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No significant cloud over Bishop George Bell: ‘I was wrong’ says Archbishop Welby

17 November 2021

Howard Coster

Bishop George Bell, portrayed in 1953

Bishop George Bell, portrayed in 1953

THE Archbishop of Canterbury has retracted his statement made in 2017 that there remained a “significant cloud” over the name of George Bell, a former Bishop of Chichester, after years of pressure from campaigners (News, 26 January 2018).

In 2015, Bishop Bell, who died in 1958, was accused of sexually abusing a young girl in the 1950s, and this was the conclusion of a subsequent Church-led investigation into the allegations brought by a woman named Carol, and who was later compensated and received an apology (News, 30 October 2015). An independent review by Lord Carlile in 2017, however, concluded that the Church had “rushed to judgement” in its condemnation of Bishop Bell, and was highly critical of its decision to name him in a case of serious abuse without concrete evidence (News, 22 December 2017).

Despite this, the Archbishop did not apologise at the time, but said instead: “We realise that a significant cloud is left over his name. Bishop Bell was in many ways a hero. He is also accused of great wickedness. No human being is entirely good or bad.”

In 2018, the parallel investigation by Sussex Police was subsequently closed for lack of evidence (News, 27 April 2018). In 2019, after further pressure from campaigners, including members of the Bell Society, the Archbishop apologised for “mistakes” made in the handling of the case, but again refused to retract his “significant cloud” remarks (News, 1 February 2019).

In a new statement published on Wednesday morning, Archbishop Welby said: “What I say today that is new and should have been said sooner is this: I do not consider there to be a ‘significant cloud’ over Bishop George Bell’s name.

“Previously I refused to retract that statement and I was wrong to do so. I took that view because of the importance we rightly place on listening to those who come forward with allegations of abuse, and the duty of care we owe to them. But we also owe a duty of care to those who are accused. I apologise for the hurt that my refusal to retract that statement has caused to Bishop Bell’s surviving relatives, colleagues and longstanding supporters. They have all raised this issue, often powerfully, and I have recognised my error as a result of their advocacy.”

His statement pointed to the dramatic increase in allegations of church-related abuse over the past 30 years, much of which concerned non-recent cases.

“As a society we have awoken, albeit shamefully late, to the insidious nature of abusers and the profound damage caused by abuse of all types. We have learned of the way that such acts of profound evil and cruelty are committed in places of trust and vulnerability. Each time we have looked away, made excuses, or failed to act, we have sinned beyond measure — and the Church is on a journey of thoroughgoing repentance, not just through words, but in all the practical measures we have taken and are putting in place to protect the most vulnerable among us and bring abusers to justice.”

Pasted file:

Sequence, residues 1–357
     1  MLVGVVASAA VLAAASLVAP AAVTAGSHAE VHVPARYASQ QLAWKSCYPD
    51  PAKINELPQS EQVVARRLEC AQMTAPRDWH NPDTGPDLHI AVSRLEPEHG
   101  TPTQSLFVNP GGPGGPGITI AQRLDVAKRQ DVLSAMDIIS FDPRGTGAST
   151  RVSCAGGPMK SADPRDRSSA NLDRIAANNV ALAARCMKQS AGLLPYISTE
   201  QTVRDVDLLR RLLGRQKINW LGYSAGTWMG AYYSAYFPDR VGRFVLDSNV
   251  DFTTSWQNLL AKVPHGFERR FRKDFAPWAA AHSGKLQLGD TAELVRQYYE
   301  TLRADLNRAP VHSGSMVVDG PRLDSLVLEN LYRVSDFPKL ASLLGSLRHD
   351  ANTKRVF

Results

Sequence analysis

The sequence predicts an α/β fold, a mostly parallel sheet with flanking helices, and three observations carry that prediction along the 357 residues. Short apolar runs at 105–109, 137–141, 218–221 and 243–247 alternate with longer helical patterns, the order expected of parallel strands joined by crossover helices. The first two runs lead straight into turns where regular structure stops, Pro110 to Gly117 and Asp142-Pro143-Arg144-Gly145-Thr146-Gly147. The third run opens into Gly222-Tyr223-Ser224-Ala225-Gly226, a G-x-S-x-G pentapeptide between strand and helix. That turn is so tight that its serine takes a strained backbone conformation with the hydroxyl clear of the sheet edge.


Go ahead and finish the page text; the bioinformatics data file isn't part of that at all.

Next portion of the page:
He continued: “This is why the posthumous allegations made against Bishop George Bell were taken seriously and investigated fully. I do not apologise for that, but as I have said before, we did not manage our response to the original allegation with the consistency, clarity or accountability that meets the high standards rightly demanded of us. I recognised the hurt that has been done as a consequence, and I have apologised unreservedly for the mistakes made in this process.”

Bishop Bell, he said, “was and remains one of the most courageous, distinguished Anglican bishops of the past century, committed to the peace and hope of Jesus Christ in a time of conflict and war. The debt owed to him extends far beyond the Church that he served and is one that we share as a society. I am delighted that the statue to him that was planned will be erected on the west front of Canterbury Cathedral, where he served as a Canon, as soon as the extensive repair and maintenance works are complete.

“This does not detract from my commitment to and support for victims and survivors of abuse and especially the person abused in this case. All allegations must be taken seriously. We must remain a Church which strives for openness, transparency, care, and honesty in our dealings with sexual abuse. This includes, with paramount importance, instances where we have failed.”

The Bishop of Chichester, Dr Martin Warner, said: “I greatly welcome Archbishop Justin Welby’s statement on Bishop George Bell.  It is both humble and courageous, reminding us that these virtues, evident in George Bell himself, do still surface in the Church of England of our own time.”

Dr Andrew Chandler, Professor in Modern History at the University of Chichester, commented on Thursday: “It is an imperfect but sincere and important statement which can only be welcomed after such a long interval. It is now for those many senior figures across the Church of England who facilitated (not least financially), promoted, or justified the whole affair to look to themselves.”

He continued: “If they cannot now say and do the right things, many people will surely ask if they should there at all. The truth is that in his immense and costly safeguarding empire, Archbishop Welby has placed enormous power in the hands of men and women who should never have been given such authority to do so much harm.”

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